Philosophy 167: Class 4 - Part 4 - Felicitous Circumstances: Why Kepler Achieved What He Did.

Smith, George E. (George Edwin), 1938-
2014-09-23

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Synopsis: Provides context for understanding Kepler's personality and his achievement.

Subjects
Astronomy--Philosophy.
Astronomy--History.
Philosophy and science.
Genius.
Kepler, Johannes, 1571-1630.
Genre
Curricula.
Streaming video.
Permanent URL
http://hdl.handle.net/10427/012834
Original publication
ID: tufts:gc.phil167.47
To Cite: DCA Citation Guide
Usage: Detailed Rights
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The question here that I posed, why Kepler? I don't mean, this question to be taken two ways. One is, what was it about Kepler personally that enabled him to do this. I leave that question to other people, I'm not, in spite of knowing two or three whom I've actually been willing to apply the name to in my life.
Just two or three people in my life have I known that I'll apply the word genius to. I'm still very dubious about the word, one of them, Ken Wilson, was the hardest working person I think I've ever known, physicists. And he's legendary for doing calculations, week long calculations that no other physicist would even think of doing.
Okay, so you know, why the personality enabled Kepler to stay with this for four whole years doing six-digit calculations, I don't, that's beside the point, okay? I'll let others try and figure that out. I have the same problem with Newton even though I can say a lot more about Newton's personality than I can Kepler's in this regard.
It's still mysterious to me, but there's another version of that question. Why Kepler rather than somebody before him? What put Kepler in a position where he could do what he did? And by far, these are in choice of order, really, in proper order. Without Tycho's observations it just doesn't happen.
Without Tycho's commitment to the idea that the goal of astronomy is agreement at all times on longitude and latitude, something that nobody had ever really pushed in the history of astronomy before. And that's Tycho pushing it. He literally couldn't understand why not. Okay. And that's why he started doing the observations and said astronomy has to be reconstructed from the ground up.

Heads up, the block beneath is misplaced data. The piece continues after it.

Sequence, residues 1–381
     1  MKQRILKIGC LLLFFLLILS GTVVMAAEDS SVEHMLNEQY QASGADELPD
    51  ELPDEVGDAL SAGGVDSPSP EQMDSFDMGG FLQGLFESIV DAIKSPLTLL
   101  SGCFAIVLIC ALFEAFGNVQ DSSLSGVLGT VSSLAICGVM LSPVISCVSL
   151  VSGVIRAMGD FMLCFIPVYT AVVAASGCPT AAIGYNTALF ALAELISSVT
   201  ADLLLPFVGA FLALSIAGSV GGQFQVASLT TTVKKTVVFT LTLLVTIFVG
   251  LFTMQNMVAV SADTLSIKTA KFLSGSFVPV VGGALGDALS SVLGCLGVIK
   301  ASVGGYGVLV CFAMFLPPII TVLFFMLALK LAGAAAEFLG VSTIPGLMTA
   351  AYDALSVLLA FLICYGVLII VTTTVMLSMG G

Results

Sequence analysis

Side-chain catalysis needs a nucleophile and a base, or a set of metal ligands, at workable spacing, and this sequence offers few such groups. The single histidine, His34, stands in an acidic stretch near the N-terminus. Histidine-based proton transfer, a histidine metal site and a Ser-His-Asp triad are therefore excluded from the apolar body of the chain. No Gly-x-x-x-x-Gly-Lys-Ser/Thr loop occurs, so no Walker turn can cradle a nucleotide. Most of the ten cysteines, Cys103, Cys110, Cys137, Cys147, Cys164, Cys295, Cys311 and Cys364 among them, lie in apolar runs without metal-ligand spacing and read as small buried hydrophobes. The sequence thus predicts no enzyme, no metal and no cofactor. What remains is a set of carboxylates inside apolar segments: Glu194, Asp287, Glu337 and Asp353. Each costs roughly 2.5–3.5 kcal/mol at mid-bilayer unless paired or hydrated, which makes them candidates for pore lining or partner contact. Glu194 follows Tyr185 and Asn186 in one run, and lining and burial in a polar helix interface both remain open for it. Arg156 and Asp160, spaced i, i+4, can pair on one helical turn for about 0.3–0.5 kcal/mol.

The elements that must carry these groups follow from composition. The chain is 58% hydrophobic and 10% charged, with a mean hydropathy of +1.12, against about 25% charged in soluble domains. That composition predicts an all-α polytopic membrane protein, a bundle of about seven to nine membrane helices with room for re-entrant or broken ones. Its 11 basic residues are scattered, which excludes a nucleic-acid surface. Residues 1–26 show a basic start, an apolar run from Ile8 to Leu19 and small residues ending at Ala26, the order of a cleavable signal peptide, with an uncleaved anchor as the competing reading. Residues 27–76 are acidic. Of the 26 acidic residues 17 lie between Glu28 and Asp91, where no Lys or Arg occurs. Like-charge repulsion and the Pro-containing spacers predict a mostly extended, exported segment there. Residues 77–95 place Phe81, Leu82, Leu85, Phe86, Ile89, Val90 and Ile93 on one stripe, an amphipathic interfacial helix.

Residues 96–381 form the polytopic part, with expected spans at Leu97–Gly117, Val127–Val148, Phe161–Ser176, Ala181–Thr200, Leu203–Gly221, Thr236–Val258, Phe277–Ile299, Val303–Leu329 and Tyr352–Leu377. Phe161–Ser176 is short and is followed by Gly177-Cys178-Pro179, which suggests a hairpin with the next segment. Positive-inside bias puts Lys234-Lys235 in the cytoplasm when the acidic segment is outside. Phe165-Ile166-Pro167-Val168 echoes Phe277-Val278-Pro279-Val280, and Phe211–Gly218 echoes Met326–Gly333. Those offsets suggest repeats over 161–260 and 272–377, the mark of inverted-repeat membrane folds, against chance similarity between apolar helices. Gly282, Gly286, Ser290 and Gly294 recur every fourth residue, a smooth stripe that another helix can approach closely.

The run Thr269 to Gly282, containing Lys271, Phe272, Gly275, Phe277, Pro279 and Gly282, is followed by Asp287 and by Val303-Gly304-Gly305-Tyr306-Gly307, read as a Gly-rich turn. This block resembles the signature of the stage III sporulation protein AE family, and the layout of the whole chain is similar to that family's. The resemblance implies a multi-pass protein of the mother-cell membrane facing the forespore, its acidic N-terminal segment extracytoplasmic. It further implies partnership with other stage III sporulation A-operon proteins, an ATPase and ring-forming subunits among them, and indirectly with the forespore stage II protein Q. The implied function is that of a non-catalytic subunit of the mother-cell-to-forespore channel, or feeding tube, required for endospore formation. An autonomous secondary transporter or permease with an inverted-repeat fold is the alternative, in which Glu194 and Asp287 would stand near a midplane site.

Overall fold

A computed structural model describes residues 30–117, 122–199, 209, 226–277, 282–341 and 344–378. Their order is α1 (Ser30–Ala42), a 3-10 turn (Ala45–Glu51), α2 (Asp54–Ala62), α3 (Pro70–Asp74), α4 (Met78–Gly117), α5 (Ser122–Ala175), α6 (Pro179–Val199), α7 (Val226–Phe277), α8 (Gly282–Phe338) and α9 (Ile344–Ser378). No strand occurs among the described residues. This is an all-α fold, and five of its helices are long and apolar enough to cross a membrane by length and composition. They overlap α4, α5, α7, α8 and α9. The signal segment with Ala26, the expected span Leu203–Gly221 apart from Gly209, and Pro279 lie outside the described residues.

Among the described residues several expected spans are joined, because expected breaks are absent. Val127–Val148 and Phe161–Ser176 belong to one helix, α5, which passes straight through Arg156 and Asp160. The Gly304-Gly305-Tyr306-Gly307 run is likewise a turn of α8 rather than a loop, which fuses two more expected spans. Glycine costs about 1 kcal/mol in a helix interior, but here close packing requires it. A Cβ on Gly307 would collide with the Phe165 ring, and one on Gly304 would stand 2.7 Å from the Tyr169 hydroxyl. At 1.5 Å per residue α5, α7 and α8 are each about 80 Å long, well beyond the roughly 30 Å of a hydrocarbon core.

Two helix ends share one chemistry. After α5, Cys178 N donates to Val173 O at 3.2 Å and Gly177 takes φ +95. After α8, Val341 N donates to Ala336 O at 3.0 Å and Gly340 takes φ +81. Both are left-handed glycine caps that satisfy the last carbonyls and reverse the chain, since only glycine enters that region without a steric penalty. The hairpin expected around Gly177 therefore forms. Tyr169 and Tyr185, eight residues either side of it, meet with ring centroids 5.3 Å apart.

So those two were very much Tycho. Kepler's demonstrations on the limitation of depending so heavily on observations near opposition. That's a comment about his hunch, and his hunch that things ought to be tied to the actual sun, not to the mean sun and then taking the trouble to see that the way that shows up is a away from opposition.
Triangulations, it's hard to credit him with because they're sitting there in Copernicus. As there's much more question begging in Copernicus. But there they were and when he didn't really understand them he wrote to Maskelyne get some instructions on what Copernicus was doing and that taught him how to use triangulations.
Maskelyne and his teacher did that, and of course that is in the, that's in appendix in the first Kepler book, Mysterium Cosmographicum, which I didn't bring in from my office. I may get it at break. Then, having a very, very good theory of the Sun. Better than anybody ever had before, to start with.
That's important. Because he had it to cross check, when he started Mickey Mousing with that orbit. When he did bisection. He had a constraint to make sure it agreed with what Tycho already had. If that had been sloppy the ability argue, and there had been substantial deviations when you do the bisection, you wouldn't have known what to do.
And then the last thing, and you'll see this later tonight. According to him, it was a coincidence that he did Mars. The coincidence was that when he arrived and was given permission to work with him, he was essentially made an assistant to Longomontanus. And Longomontanus was doing Mars, so he jumped into Mars.
Now there's another line on it. Anybody who knew astronomy would have guessed Mars was the best one to do. Why? Because it was comparatively high in eccentricity. It went around a little over every two year period, so you have much more data for it. So you've got the, and it doesn't cross the sun, it doesn't disappear from you crossing the sun the way Venus and Mercury do.
So, it would appear the best fighting shot at it. So, I've always wondered the extent to which Kepler's thanking God for the fortune of putting him onto Mars was Kepler showing his being devout on the one hand, and the extent to which he really meant it that he would not have chosen Mars, left to his own devices.